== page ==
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Thursday, February 29, 2024

US, Japan reach significant bilateral trade agreement

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Biarritz, France”•US President Donald Trump and Japan’s Prime Minister Shinzo Abe on Sunday announced a deal in principle on a major bilateral trade deal.

“It’s a very big transaction,” Trump said after talks with Abe on the sidelines of the G7 summit in the French resort town of Biarritz.

“Billions and billions of dollars,” he said.

“It involves agriculture, it involves e-commerce. It involves many things. We’ve agreed in principle.”

Abe confirmed the two nations had “successfully reached consensus” after “intense” negotiations.

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Both leaders said they hoped for a formal signing during the UN General Assembly in New York next month.

However, Abe cautioned: “We still have some remaining work that has to be done… mainly finalizing the wording.”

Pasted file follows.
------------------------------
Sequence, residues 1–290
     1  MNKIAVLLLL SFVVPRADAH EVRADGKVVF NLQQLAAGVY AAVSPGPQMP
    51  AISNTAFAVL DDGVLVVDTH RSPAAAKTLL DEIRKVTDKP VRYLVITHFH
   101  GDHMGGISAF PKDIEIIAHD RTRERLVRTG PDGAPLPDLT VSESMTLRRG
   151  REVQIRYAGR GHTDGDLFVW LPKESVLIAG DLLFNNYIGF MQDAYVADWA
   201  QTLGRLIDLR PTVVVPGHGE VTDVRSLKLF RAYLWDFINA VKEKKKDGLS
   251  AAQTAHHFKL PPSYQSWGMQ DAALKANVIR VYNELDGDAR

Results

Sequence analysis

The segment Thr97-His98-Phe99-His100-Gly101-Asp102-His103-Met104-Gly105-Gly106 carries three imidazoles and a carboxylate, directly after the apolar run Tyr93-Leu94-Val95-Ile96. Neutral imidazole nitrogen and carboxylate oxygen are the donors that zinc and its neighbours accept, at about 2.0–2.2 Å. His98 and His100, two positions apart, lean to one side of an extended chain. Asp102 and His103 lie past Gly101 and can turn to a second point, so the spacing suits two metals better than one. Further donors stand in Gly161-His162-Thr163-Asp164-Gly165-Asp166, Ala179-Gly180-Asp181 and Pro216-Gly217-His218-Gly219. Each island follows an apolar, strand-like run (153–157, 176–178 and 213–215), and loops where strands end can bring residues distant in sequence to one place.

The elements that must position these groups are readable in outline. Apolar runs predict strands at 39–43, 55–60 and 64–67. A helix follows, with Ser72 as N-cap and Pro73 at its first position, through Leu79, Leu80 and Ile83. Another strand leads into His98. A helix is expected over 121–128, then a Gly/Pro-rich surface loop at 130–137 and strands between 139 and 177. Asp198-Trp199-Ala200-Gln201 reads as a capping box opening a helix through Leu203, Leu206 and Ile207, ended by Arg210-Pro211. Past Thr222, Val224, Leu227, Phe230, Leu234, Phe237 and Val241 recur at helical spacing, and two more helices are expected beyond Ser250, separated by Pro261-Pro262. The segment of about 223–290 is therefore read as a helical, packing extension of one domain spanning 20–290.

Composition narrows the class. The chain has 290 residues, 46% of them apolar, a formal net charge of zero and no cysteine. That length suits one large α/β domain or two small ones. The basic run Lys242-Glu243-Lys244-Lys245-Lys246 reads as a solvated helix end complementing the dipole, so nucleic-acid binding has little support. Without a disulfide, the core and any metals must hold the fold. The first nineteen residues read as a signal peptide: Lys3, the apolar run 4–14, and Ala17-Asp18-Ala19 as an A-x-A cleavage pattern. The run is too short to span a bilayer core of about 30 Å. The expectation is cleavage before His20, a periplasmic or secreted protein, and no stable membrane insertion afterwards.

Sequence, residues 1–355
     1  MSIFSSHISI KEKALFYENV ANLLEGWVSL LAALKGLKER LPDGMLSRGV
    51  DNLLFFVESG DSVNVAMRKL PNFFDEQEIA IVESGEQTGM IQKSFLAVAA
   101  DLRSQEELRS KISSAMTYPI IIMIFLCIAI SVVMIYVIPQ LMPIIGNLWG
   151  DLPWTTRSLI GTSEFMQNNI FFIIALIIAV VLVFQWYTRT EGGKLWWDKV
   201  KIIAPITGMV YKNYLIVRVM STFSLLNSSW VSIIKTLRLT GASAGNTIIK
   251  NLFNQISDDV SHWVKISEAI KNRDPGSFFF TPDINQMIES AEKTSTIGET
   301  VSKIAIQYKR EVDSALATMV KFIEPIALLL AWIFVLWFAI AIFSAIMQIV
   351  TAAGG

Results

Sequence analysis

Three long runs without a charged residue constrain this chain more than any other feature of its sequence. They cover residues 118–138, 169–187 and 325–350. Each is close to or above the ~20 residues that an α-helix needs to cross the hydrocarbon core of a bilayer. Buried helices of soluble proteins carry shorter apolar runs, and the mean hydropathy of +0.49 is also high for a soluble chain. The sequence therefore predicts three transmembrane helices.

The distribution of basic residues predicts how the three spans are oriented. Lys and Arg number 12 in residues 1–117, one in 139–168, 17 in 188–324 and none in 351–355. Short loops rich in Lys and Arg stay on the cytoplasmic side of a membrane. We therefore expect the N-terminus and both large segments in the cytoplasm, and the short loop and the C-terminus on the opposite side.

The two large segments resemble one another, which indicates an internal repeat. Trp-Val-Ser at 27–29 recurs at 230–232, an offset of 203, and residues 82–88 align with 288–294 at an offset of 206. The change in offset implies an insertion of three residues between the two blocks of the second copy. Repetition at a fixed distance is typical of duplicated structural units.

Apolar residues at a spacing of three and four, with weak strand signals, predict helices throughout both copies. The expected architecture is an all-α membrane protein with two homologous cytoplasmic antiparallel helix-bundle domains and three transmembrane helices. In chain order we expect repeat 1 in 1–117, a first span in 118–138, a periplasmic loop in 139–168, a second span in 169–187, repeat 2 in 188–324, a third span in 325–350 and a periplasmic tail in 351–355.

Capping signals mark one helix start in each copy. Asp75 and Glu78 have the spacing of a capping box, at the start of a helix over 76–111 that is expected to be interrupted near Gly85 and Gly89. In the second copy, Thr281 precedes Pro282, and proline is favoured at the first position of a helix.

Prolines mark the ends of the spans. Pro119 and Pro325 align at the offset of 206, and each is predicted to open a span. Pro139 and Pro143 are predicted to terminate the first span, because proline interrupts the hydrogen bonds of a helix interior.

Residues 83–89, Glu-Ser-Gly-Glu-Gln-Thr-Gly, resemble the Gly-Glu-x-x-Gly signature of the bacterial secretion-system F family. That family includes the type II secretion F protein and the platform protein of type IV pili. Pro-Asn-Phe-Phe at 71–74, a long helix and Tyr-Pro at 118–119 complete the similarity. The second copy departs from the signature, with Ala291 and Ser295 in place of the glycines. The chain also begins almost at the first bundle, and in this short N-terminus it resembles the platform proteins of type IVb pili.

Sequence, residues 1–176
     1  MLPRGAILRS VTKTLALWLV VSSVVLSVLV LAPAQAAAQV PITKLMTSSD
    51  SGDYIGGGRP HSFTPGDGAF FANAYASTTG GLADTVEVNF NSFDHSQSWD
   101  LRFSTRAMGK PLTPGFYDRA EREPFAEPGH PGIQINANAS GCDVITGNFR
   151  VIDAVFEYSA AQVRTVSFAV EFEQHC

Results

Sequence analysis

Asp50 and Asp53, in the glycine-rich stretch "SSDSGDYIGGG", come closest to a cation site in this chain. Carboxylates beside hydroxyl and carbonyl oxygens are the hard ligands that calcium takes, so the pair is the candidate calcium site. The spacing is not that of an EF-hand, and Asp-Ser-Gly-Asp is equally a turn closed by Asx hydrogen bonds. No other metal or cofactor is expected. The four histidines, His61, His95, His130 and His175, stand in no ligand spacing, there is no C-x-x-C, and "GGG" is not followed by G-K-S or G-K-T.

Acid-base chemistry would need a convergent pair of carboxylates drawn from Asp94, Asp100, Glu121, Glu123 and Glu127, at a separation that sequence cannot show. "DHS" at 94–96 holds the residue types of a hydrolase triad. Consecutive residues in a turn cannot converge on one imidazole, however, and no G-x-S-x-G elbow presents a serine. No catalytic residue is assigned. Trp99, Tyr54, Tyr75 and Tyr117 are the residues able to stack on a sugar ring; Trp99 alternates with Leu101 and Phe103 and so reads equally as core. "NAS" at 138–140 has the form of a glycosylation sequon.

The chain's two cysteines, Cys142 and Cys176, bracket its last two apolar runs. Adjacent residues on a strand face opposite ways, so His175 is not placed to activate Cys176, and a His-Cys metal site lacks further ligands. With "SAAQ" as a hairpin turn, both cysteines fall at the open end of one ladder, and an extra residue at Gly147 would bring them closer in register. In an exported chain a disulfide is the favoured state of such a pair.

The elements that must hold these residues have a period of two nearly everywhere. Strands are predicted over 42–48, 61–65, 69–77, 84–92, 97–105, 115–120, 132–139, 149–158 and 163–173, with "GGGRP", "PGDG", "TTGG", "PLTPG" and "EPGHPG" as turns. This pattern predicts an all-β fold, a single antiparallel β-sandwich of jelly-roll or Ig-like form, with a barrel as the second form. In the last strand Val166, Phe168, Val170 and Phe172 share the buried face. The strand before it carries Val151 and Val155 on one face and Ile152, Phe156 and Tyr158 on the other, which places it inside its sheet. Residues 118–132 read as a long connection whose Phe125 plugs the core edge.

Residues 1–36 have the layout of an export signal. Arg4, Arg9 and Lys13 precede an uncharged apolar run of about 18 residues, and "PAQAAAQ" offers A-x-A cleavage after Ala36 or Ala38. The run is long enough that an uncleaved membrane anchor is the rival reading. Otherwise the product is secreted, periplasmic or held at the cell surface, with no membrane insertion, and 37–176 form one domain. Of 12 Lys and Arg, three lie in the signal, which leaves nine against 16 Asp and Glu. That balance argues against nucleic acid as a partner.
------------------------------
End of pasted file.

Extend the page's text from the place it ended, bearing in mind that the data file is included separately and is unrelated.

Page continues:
US Trade Representative Robert Lighthizer said the agreement will especially benefit US farmers”•a politically important group for Trump in his uphill push for reelection in 2020. 

Asked whether US tariffs already imposed on Japanese cars would be scrapped as a result of the deal, Lighthizer said some tariffs would be removed “but not those.”

Trump also said the tariffs were “staying the same” but would not go up.

Trump and Abe enjoy close ties but the US president has frequently claimed that Tokyo has an unfair advantage in bilateral trade.

Negotiators have agreed Japan will place tariffs on US agricultural products up to levels that apply to members of the Trans-Pacific Partnership (TPP) pact, Japan’s public broadcaster NHK and major Japanese dailies reported. 

Both sides agreed Japan will cut tariffs on US beef and pork to TPP levels, but will not set new quotas for butter and skimmed milk, NHK said, citing unnamed sources.

Japan has repeatedly said the extent of the opening up of its agricultural market would be within the concession it had made to members of the TPP pact.

After an abrupt US withdrawal from the TPP, 11 countries circling the Pacific last year signed a slimmed-down version of the trade deal, and the pact has been championed as an antidote to growing US protectionism under Trump.

The US president has since sparked fears of a trade war by levying steep tariffs and denouncing unfair trading practices. 

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